The major autoantigens against antimitochondrial antibodies (AMAs) in PBC are members of the 2-oxo-acid dehydrogenase complex (2-OADC), which includes the E2 subunit of the pyruvate dehydrogenase complex (PDC-E2) . An immune response to intrahepatic BECs through 2-OADC-specific CD4+ helper T cells and CD8+ cytotoxic T cells is thought to be the major mechanism responsible for the immunological destruction of BECs in PBC and these T cells show molecular mimicry between human and bacterial PDC-E2 [24, 25]. Therefore, environmental factors such as microorganisms and xenobiotics are speculated to disrupt the self-tolerance to autoantigens as a specific intrahepatic BEC malfunction, supporting the forementioned role of PAMPs in the etiopathogenesis of PBC.
2.2. Biliary Atresia
Biliary atresia consists of a fetal type affecting 10–25% of patients and the more common perinatal type. The perinatal type is characterized by a progressive, inflammatory, and sclerosing cholangiopathy. The presence of several viruses including Reoviridae (type 3 reovirus and type C rotavirus) (Table 1) in liver tissue or affected bile duct specimens obtained from patients with biliary atresia during the Kasai procedure or a liver transplantation, has been demonstrated [13, 26–31], though conflicting results have been reported [13, 26, 28–30, 32]. Immunostaining for Mx proteins, which mediate an early innate immune response and are highly sensitive markers for type I interferon (IFN) activity, revealed that hepatocytes and intrahepatic bile ducts in biliary atresia are positive for Mx, suggesting the presence of viruses in hepatocytes and biliary epithelial cells of patients with biliary atresia . Among these viruses, Reoviridae having a double-stranded RNA (dsRNA) genome, in particular, are characterized by epithelial tropism, and rotavirus type A is the most frequent etiological agent in cases of acute infantile diarrhea in young children. Moreover, the infection of newborn Balb/c-mice with Reoviridae including type A rhesus rotavirus (RRV) and type 3 reovirus (Abney) leads to a cholestasis and biliary obstruction resembling human biliary atresia [34, 35]. Therefore, it is likely that BECs are a target of these viruses which directly cause the cholangiopathy in cases of biliary atresia.
Hepatolithiasis is not a rare disease in East Asian countries including Japan and is characterized by the formation of stones and histologically “chronic proliferative cholangitis”. Bacterial infections in the biliary tree and cholestasis have been implicated as the major etiopathogenic factor for lithogenesis in patients with calcium-bilirubinate stones. Escherichia coli (E. coli) is the bacterium most frequently isolated, followed by several species shown to have -glucuronidase (Table 1). Moreover, the presence of Campylobacter species-specific DNA has been demonstrated in bile samples and biliary mucosa specimens in cases of hepatolithiasis, by PCR (Table 1) . These bacteria in the biliary epithelium are speculated to influence the occurrence and development of cholangitis and lithogenesis, though the mechanism of such an effect is still unclear.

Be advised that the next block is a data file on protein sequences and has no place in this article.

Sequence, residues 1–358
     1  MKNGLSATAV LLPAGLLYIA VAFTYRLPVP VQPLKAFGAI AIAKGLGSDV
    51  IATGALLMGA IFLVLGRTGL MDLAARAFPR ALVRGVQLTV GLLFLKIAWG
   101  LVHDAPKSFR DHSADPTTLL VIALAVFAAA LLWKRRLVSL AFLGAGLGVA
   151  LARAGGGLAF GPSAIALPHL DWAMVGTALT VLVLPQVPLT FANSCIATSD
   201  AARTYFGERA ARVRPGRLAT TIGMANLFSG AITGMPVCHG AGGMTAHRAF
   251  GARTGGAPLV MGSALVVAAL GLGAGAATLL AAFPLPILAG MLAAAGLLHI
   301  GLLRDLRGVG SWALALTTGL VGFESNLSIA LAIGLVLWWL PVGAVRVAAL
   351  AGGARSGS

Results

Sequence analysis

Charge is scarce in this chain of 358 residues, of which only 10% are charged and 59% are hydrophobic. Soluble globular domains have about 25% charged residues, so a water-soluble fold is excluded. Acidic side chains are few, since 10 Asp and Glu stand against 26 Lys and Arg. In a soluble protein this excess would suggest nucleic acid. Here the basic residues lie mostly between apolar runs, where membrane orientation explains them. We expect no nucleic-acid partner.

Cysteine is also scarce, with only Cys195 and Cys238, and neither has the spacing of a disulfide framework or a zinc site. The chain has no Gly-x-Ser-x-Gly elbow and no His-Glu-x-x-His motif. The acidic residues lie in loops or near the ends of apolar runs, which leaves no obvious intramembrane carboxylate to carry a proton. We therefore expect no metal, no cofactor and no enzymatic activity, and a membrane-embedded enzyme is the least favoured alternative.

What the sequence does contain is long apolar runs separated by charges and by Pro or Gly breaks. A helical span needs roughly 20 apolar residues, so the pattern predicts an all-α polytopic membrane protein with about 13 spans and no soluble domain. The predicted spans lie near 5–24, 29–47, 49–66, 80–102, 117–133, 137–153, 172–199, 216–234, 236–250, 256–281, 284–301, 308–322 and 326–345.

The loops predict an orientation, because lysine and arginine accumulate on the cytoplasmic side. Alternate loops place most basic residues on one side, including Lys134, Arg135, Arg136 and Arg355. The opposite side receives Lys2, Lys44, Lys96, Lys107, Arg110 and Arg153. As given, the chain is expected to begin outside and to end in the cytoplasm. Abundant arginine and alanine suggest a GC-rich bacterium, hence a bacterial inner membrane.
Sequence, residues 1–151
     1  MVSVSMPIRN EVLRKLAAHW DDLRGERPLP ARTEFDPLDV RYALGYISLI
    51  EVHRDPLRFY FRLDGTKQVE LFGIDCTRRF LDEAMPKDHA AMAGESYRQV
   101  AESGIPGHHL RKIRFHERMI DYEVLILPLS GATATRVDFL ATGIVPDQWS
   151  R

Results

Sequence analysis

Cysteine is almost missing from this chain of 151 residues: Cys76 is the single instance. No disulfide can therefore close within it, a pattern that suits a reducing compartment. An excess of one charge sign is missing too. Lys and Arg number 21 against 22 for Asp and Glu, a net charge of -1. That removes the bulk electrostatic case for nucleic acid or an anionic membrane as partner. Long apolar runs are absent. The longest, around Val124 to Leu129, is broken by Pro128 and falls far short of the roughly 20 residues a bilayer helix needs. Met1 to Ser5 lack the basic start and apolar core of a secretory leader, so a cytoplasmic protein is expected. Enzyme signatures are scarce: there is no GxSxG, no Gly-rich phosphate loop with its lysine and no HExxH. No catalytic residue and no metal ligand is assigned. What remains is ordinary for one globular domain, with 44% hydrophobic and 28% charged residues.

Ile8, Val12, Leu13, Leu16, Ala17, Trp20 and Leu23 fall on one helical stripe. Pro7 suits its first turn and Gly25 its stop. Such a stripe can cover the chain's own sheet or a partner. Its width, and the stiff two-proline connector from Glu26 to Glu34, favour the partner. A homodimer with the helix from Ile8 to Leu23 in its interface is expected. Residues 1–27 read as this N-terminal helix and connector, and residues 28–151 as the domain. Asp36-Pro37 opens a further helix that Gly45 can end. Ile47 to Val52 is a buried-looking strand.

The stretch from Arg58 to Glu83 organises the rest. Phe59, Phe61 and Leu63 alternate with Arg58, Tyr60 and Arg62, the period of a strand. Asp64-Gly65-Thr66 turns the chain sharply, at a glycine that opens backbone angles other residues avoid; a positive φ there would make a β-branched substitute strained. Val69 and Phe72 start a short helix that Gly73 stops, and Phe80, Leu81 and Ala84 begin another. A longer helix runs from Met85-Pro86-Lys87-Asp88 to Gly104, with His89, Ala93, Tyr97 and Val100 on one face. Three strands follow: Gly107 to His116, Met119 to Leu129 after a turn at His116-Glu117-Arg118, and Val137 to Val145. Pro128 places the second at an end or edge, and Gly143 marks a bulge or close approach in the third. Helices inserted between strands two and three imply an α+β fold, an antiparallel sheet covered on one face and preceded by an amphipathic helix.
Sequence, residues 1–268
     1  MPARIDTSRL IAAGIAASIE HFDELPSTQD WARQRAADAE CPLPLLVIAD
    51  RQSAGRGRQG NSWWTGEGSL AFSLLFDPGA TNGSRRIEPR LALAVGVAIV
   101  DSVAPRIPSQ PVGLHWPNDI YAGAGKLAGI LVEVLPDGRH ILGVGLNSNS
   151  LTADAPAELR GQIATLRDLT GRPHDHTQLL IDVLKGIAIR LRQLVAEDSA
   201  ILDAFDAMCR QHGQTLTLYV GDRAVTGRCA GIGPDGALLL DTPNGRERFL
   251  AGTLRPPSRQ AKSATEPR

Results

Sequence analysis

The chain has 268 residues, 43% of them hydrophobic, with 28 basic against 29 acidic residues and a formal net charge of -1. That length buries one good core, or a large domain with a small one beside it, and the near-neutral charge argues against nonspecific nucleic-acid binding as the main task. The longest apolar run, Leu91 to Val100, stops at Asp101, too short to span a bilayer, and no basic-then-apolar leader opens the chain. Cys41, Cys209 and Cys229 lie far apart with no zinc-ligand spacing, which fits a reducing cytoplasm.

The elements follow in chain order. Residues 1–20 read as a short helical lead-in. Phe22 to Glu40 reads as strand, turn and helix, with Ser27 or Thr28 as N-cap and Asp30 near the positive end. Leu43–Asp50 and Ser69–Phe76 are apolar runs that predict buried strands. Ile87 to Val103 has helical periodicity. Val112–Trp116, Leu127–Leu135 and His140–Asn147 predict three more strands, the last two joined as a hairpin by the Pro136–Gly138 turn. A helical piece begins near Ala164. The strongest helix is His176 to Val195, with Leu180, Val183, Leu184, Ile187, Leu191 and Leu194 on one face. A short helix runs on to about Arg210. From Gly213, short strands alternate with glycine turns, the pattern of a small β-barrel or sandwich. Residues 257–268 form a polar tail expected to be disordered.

3. Basic Mechanisms of Biliary Innate Immunity
BECs are immunologically potent cells. The BECs of inflamed bile ducts actively participate in the inflammation by secreting cytokines and expressing immune receptors. In addition to immunocompetent cells, epithelial cells including BECs recognize microbes and their constituents via a set of receptors, referred to as pattern-recognition receptors (PRRs). TLRs are the major epithelial PRRs recognizing PAMPs. Ten TLRs (TLR1 to TLR10) have been identified in humans, with TLR4 known to mediate inflammatory responses to LPS. In immunocompetent cells, the response to LPS is mediated by interaction with the TLR4 in conjunction with TLR4 accessory proteins MD-2 and CD14, triggering transduction of intracellular signals followed by the activation of TLR-associated adapter proteins, myeloid differentiation factor 88 (MyD88), and IL-1 receptor-associated kinase (IRAK)-1, leading to the activation of nuclear factor-B (NF-B) and then to the synthesis of antibiotics and proinflammatory cytokines. In contrast to bacterial PAMPs, dsRNA viruses such as Reoviridaes (reovirus and rotavirus) are recognized by TLR3, IFN-inducible helicase retinoic acid-induced protein I (RIG-I), and melanoma differentiation-associated gene-5 (MDA-5). The stimulation of these receptors by dsRNA transduces signals to activate the transcription factor interferon regulatory factor 3 (IRF3) as well as NF-B. Human and murine BECs possess at least TLR1-TLR5, related molecules (MD-2, MyD88, and IRAK-1), RIG-I, and MDA-5 [4, 36–38]. Moreover, immunohistochemistry has confirmed that TLR1-TLR5, MyD88, and IRAK-1 are distributed diffusely in the intrahepatic biliary tree of normal human liver, irrespective of anatomical levels  (Figure 1). In addition to the expression of these receptors, the responsiveness of BECs to the corresponding PAMPs is also found. For example, LPS binds to the surface of cultured BECs and induces the production of TNF- mRNA in an NF-B-dependent manner . Moreover, stimulation with polyinosinic-polycytidylic acid (poly(I:C), a synthetic analog of viral dsRNA) induces the activation of NF-B and IRF3 and the production of IFN-1 and MxA as potent antiviral responses . Therefore, BECs possess functional TLR signaling systems and participate in innate immunity.
4. Chemical Mediators Produced by a Biliary Innate Immune Response